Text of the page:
Rape seems to be a common topic, but it is never really talked about. You watch shows like Law and Order: SVU, and movies that involve assault, and sit through speeches in the beginning of college.
However, watching shows and hearing people talk statistics is a lot different than if it actually happens to you.
Regarding horrible situations like this, people always think that it could never happen to them but that is not the case in reality. According to US News in 2014, “During their freshman year of college 15 percent of women are raped while incapacitated from alcohol or drugs,” and the Washington Post states, “A Post-Kaiser Family Foundation poll last year found that one in five young women who attended college in a four-year span said they had been sexually assaulted during that time.”
One in five girls! That means if you have 25 girls living on your floor, it is likely that five of them will be assaulted.
Pushing statistics aside, that leaves how rape is handled on campuses. I think it is safe to say that almost everyone has heard of Brock Turner aka “The Stanford Rapist.” Turner sexually assaulted a 23-year-old unconscious woman on his campus, and then only served t months in jail for it.
This leads to the controversial topic of punishment. Gender views aside, he assaulted a woman who was not able to give consent at the time. That is the exact definition of rape, and he should have gone through his entire punishment.
Now, Turner’s parents are stating that they are in fear of their son’s life because of the threats that he is getting every day. The truth is, he may be getting threats, but that woman will have to live with what he did to her for the rest of her life. He’s lucky all he is getting is a few threats.
Rapes occurr on every campus, including ours, and I feel in my opinion that they are almost never dealt with the way they should be.
During my freshman year at ESU, there was an overwhelming occurrence of assaults on my floor. So the building director felt like it would be a good idea to get all of the girls together and inform them of safety tips when walking at night.
That was great and all, but why weren’t the guys given a talk as well, considering it most commonly a male that is the assaulter?
To me, that was offensive and inconsiderate. Was this handled correctly?
An article in the NY Times states, “Female students are raped in appalling numbers, and their rapists almost invariably go free. Forced by the federal government, colleges have now gotten into the business of conducting rape trials, but they are not competent to handle this job. They are simultaneously failing to punish rapists adequately and branding student’s sexual assailants when no sexual assault occurred.”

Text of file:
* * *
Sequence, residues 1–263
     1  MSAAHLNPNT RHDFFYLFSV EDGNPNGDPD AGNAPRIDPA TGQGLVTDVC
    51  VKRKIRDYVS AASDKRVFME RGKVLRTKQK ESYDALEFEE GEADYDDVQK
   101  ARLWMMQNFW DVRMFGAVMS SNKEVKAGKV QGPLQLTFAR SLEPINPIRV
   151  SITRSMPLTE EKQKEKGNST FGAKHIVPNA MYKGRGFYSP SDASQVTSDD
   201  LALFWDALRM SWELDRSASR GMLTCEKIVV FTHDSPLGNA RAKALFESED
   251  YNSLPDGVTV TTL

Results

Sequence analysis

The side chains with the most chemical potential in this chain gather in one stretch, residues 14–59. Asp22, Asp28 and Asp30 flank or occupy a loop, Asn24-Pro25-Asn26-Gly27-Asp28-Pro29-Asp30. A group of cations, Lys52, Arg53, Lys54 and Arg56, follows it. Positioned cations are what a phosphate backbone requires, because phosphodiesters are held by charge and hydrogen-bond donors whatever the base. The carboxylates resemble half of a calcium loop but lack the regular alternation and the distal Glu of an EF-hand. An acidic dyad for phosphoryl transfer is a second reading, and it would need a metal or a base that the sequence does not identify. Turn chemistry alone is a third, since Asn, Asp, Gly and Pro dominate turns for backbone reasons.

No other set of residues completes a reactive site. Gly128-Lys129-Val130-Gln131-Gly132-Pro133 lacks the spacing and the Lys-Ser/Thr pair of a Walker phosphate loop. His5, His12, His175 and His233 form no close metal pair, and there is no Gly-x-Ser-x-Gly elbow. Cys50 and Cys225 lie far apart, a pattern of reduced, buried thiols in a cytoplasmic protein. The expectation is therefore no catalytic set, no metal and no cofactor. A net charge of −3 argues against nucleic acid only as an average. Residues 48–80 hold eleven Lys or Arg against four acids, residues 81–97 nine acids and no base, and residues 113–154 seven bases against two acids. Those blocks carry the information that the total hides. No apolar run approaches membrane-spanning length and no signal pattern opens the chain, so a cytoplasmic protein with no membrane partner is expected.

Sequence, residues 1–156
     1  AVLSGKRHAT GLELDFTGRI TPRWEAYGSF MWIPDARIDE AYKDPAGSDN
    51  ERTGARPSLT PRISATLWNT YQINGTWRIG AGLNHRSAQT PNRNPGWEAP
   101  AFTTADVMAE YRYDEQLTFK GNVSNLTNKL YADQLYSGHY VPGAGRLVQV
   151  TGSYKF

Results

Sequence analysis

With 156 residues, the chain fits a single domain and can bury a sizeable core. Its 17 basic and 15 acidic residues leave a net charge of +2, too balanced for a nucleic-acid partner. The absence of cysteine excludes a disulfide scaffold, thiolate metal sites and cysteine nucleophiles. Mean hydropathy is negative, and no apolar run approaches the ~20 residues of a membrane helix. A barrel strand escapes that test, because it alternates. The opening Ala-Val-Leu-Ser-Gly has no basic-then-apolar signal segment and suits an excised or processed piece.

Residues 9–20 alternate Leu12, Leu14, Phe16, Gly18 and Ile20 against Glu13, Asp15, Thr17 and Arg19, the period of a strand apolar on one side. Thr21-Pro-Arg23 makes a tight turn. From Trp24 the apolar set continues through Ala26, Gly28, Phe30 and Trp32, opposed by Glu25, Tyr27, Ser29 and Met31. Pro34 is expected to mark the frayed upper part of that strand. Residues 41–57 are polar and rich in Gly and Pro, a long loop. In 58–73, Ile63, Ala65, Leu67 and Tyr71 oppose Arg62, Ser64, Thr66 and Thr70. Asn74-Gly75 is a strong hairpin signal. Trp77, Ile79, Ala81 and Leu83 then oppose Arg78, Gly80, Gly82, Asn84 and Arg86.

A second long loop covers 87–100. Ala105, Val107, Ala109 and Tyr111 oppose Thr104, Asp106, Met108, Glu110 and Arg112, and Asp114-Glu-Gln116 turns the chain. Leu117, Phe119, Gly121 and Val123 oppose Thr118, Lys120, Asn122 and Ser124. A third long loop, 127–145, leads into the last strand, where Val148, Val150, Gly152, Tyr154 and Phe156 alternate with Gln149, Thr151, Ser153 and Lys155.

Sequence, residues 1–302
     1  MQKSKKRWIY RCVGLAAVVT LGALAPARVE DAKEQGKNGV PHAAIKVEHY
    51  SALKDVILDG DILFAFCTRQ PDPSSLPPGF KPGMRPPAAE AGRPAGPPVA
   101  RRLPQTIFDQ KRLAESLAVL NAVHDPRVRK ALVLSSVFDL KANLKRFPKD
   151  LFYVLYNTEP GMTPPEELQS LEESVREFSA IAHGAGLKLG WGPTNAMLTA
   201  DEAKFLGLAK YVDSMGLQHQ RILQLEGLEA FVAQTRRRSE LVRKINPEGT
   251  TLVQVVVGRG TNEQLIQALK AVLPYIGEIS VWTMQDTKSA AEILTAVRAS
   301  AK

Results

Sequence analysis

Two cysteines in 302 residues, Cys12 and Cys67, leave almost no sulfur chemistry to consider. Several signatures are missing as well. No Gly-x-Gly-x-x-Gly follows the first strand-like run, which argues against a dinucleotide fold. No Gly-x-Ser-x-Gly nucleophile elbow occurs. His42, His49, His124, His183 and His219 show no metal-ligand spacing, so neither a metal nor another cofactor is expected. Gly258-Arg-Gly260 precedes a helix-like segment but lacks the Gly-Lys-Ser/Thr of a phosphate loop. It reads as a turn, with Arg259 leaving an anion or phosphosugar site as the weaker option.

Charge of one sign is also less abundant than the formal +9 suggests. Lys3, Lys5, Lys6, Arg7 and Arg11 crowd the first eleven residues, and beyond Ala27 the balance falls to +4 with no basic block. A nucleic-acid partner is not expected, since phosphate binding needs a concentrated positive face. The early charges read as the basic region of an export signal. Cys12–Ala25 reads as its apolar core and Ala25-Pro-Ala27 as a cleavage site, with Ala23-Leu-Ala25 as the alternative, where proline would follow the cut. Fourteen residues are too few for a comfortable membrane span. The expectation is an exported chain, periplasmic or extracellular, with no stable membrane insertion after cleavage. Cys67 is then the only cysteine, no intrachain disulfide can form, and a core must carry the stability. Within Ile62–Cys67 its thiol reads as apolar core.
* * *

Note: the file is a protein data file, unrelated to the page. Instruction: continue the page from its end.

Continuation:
Basically, college officials are not cops and they are not trained in how to deal with sexual assaults. That is understandable, but laws should be put in place that require some sort of change to the process currently in place.
The official statement of ESU, according to the ESU Police Annual Clery Crime and Fire Statistics Publication, is “The University will take prompt and equitable action to address acts of sexual harassment, sexual violence and sexual misconduct by educating members of its community, identifying clear reporting requirements, investigating all alleged violations of policy, and as appropriate, disciplining members of the community found in violation of the policy. Disciplinary action may range from disciplinary warning to expulsion or termination from the University.”
The ESU statement continues with, “Sexual offenses are major violations of the student code of conduct and a student found responsible by the student judicial process is subject to possible suspension or dismissal from the University. Any student, like non-student members of the University community, are also subject to charges through the criminal justice system for those acts, which violate legal statutes. A student found guilty of sexual offenses by legal statutes may also be subject to suspension or dismissal from the university. All persons are highly encouraged to report rapes and sexual offenses to the University Police Office immediately either by the individual or through a University staff member.”
For more information, this annual report is located on the ESU Police’s website.
Additional resources include, Counseling and Psychological Services (CAPS 570-422-3277 & www.esu.edu/caps), The V.O.I.C.E. Center (570-422-3225 & email@example.com), Domestic Violence & Sexual Assault Crisis Hotline (570-421-4200), Office of Disability Services (351 Hoeffner Science and Technology Center & 570 422-3954), and Woman’s Resources Monroe County (CRISIS CENTER HOTLINE 570-421-4200).
It is always encouraged to report any assault that happens on campus, regardless of your gender. Remember, you are never alone, and you will make it through.
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